Glamorgan chairman Paul Russell: "I have a lot of sympathy with the IPL because they go head-to-head with an unauthorised league (the ICL), but the people running the IPL understand world cricket.
"Two changes I would like to see here are allowing more overseas players for Twenty20 and giving the green light to naming rights deals - we would seize that opportunity."
Gloucestershire chief executive Tom Richardson: "Both Indian leagues are a threat - the IPL is basically part of the BCCI and everybody is being bullied by them.
"I would like to see five overseas players per team in Twenty20 - there is a will for this."
Hampshire chairman Rod Bransgrove: "Twenty20 gives an opportunity for people to associate stars with counties and for us to compete on the world stage. We have to end restrictions on wages and overseas players.
"A breakaway league here will be inevitable if we don't do it centrally ourselves."
Kent chief executive Paul Millman: "I wouldn't want to make any changes to county cricket at the moment. We should sit tight and give the current changes a chance to bed in.
"And I think we have got the amount of Twenty20 about right."
Lancashire chief executive Jim Cumbes: "The County Championship is under threat from the Indian leagues and I only see it suffering as a result.
"And a breakaway Twenty20 could happen here if the ECB is slow in grasping the nettle."
Leicestershire chairman Neil Davidson: "This is a different league to Packer. The amounts of money thrown at the players is incredible.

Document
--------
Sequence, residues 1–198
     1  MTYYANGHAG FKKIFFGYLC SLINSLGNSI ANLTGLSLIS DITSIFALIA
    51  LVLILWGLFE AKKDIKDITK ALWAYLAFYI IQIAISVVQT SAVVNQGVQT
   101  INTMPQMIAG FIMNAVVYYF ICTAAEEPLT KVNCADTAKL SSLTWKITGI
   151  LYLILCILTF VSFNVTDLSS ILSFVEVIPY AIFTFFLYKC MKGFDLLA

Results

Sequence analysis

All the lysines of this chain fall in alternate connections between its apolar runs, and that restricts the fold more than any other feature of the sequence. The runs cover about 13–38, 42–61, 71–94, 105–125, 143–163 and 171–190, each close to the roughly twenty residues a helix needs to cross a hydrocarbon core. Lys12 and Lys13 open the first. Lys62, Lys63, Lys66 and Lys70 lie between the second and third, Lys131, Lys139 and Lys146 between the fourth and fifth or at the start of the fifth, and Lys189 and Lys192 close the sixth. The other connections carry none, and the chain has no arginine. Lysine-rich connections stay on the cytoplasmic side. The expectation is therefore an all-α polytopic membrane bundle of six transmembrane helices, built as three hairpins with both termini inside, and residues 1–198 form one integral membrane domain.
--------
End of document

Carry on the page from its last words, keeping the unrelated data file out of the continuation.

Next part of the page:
"We need to encourage a development pathway. We should have a minimum number of English under-25 players on our books. We should also review the number of 40 and 50-over games."
Middlesex chairman Vinny Codrington: "The IPL forcing smaller counties to the wall is a real threat.
"Wage inflation means smaller counties cannot put together a fully professional and competitive squad. That means less sponsorship and smaller crowds."
Northants chief executive Mark Tagg: "We should go back to two overseas players per team, and I'd think about losing a couple of County Championship games - one from the beginning of the season and one from the end.
"I'm also in favour of floodlights. We could have a Friday night Twenty20 competition then."
Nottinghamshire chief executive Derek Brewer: "Before the ICL and IPL I thought the balance of Twenty20 was about right here.
"But now I'm not sure. There seems to be a great appetite for it. The County Championship is still the lifeblood of English cricket, though."
Somerset chief executive Peter Gould: "This is the first time we've had competition for world-class players in the domestic game. And population differences will ensure that the IPL is significantly richer than us.
"We must extend the Twenty20 season to fill the gap between football seasons. At present, we play 6,000 overs of championship cricket to crowds of 500, and 400 overs of Twenty20 that are sold out every day."
Surrey chief executive Paul Sheldon: "We should play a bit more Twenty20 but it should not be all-consuming.
"It should be explosive and quick - that's its strength - so the maximum should be a six-week period."
Sussex chief executive Gus Mackay: "The ICL/IPL are already a threat. Quality overseas players could be a thing of the past here.
"We should play more Twenty20 but we must not forget about the championship - it feeds Test cricket and TV revenues."
Warwickshire chief executive Colin Povey: "The overseas-player issue is a sideshow. Can a county compete with the IPL for top stars? No.
"But the international season has made it very difficult for top stars to play a full season anyway. They've just been doing parts of seasons."
Worcestershire chief executive Mark Newton: "My gut feeling is the latest developments will have a fundamental change on all cricket - domestic and international - as salary expectations rise.
"But I don't think there will be a rebel league here. I could see an entrepreneur or fledgling TV company working with the counties to develop a bigger competition."
Yorkshire chairman Colin Graves: "I wouldn't change the one-overseas-player rule. We need to develop the national team.
"We are in danger of going down the route of player power, the football route. That would be very damaging for cricket."